How to Make Windows 10 Easier to See, Hear, and Use (Display Settings)
From here, you can enlarge everything in your display by a preset factor with the "Scale and layout" dropdown menu (under "Change the size of text, apps, and other items")...
How to Make Windows 10 Easier to See, Hear, and Use (Change the Size)
...or you can input a custom scaling factor...
How to Make Windows 10 Easier to See, Hear, and Use (Custom Scaling)
Warning: Save your work before applying custom scaling! Applying it will close your open apps and take you to the Windows lock screen.
Next, you can adjust the size of the tiles on your Start menu or Start screen. To do this, open your Start menu or Start screen and right-click on a small tile. From the popup menu, move to the Resize command and then click on Large...
How to Make Windows 10 Easier to See, Hear, and Use (Adjust Tile Size)

An Edge Viewability Tip, and...Speech Recognition?

Do you use Microsoft Edge? If so, you can make certain Web pages easier to read.
Browse to a Web page. (Typically, a page that contains a news article or other story works best.) If Reading view is available, the Reading view icon will be enabled (in black, not gray) on the toolbar. Click on that icon (it looks like a book)...
How to Make Windows 10 Easier to See, Hear, and Use (Microsoft Edge Reading View)
The page is reformatted in a style that makes it easier to read...
How to Make Windows 10 Easier to See, Hear, and Use (Microsoft Edge Reading View Active)
And last but certainly not least: Would you like to talk to your PC to control it, rather than type or use the mouse? You can do that via Windows Speech Recognition. Here's how to give it a try.
Open Control Panel and click on the icon for Speech Recognition...
How to Make Windows 10 Easier to See, Hear, and Use (Control Panel Speech Recognition)
At the Speech Recognition screen, click on the link to “Start Speech Recognition,” then click Next...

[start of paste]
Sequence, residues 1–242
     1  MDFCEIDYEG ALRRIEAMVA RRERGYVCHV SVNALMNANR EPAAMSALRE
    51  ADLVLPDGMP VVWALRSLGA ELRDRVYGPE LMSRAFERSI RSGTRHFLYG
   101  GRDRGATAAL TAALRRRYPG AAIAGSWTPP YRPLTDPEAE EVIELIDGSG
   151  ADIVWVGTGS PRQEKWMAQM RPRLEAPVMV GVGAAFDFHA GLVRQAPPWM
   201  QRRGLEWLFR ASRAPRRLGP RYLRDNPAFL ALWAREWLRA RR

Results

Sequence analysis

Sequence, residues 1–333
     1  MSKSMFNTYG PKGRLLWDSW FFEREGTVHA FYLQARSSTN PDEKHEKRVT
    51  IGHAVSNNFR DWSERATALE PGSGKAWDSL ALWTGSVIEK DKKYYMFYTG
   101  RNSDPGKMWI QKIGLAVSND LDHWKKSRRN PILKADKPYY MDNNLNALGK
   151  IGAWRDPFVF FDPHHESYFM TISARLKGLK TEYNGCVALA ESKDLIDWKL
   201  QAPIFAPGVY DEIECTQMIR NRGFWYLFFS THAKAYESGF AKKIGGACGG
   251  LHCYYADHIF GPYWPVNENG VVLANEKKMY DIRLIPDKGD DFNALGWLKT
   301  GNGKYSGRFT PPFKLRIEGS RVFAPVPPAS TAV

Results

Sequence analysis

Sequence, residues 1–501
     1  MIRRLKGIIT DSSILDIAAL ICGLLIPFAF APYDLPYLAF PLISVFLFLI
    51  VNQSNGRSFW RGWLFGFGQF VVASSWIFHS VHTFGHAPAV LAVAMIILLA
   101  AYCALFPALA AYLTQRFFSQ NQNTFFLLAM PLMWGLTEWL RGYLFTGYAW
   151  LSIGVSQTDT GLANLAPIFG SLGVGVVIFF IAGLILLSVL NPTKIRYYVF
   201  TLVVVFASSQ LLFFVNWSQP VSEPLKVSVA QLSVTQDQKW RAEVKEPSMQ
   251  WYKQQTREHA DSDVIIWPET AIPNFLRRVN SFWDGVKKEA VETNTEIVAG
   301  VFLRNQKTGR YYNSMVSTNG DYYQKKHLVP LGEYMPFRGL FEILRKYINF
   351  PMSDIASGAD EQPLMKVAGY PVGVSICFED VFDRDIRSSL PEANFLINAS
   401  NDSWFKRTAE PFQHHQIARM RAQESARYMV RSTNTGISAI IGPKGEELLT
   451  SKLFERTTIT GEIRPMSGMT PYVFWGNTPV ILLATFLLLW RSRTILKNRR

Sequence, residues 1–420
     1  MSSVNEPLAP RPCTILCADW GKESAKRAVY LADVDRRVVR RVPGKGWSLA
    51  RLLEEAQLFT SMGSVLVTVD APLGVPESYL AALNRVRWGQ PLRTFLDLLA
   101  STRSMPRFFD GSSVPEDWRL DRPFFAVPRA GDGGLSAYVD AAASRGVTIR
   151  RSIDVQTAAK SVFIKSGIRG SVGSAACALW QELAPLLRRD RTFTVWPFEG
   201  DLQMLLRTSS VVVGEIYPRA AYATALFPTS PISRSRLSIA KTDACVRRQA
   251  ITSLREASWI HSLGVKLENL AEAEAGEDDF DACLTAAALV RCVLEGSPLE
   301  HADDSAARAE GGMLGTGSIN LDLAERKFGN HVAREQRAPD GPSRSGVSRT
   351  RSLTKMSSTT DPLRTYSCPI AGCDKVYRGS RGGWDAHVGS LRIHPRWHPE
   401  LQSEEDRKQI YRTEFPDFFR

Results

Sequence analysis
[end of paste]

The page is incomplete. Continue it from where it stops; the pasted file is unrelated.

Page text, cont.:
How to Make Windows 10 Easier to See, Hear, and Use (Enable Speech Recognition)
Choose the type of microphone you’re using, such as a headset microphone, desktop microphone, or another type. Click Next, and then Next again...
How to Make Windows 10 Easier to See, Hear, and Use (Select Microphone)
Then read the sentence that appears in the window. Click next after you read the sentence. If the volume checks out, Windows should tell you that the microphone is set up...
How to Make Windows 10 Easier to See, Hear, and Use (Adjust Microphone Volume)
Next, you can click on the option to "Enable document review," whereby Windows scans your documents indexed by Windows Search to see what type of words you use on a regular basis. Click Next...
How to Make Windows 10 Easier to See, Hear, and Use (Document Review)
At the following screen, choose manual or voice activation for Speech Recognition, then click Next...
How to Make Windows 10 Easier to See, Hear, and Use (Activation Mode)
On the following screen, you can click on the View Reference Sheet button to see a Web page with the commands you can speak through Speech Recognition. Click Next...
How to Make Windows 10 Easier to See, Hear, and Use (Print Reference Card)
On this screen, decide if you want Speech Recognition to load automatically each time Windows launches...
How to Make Windows 10 Easier to See, Hear, and Use (Speech Recognition on Startup)
At the next screen, you can choose to take a tutorial to practice speaking the commands for Speech Recognition. This helps Windows learn the tone, style, and pattern of your voice, so it’s a good idea to run the tutorial. Do that by clicking "Start Tutorial"...
How to Make Windows 10 Easier to See, Hear, and Use (Speech Recognition Tutorial)
After you’ve completed the tutorial, you can now start talking to Windows. You’ll see a small toolbar at the top of the screen with buttons to turn the speech recognition on and off...
How to Make Windows 10 Easier to See, Hear, and Use (Hey Cortana!)
With the feature turned on, you can now start issuing commands and dictating text.

Oh, and remember that in Windows 10, you also have Cortana, which can listen to and act on your commands as well. To enable Cortana to respond to the sound of your voice, click in the Cortana search field and click on the Settings icon. At the Cortana settings pane, turn on the option to “Let Cortana respond to ‘Hey Cortana.’” You can now say “Hey Cortana” to get the voice assistant’s attention and speak your command, question, or request.


Yash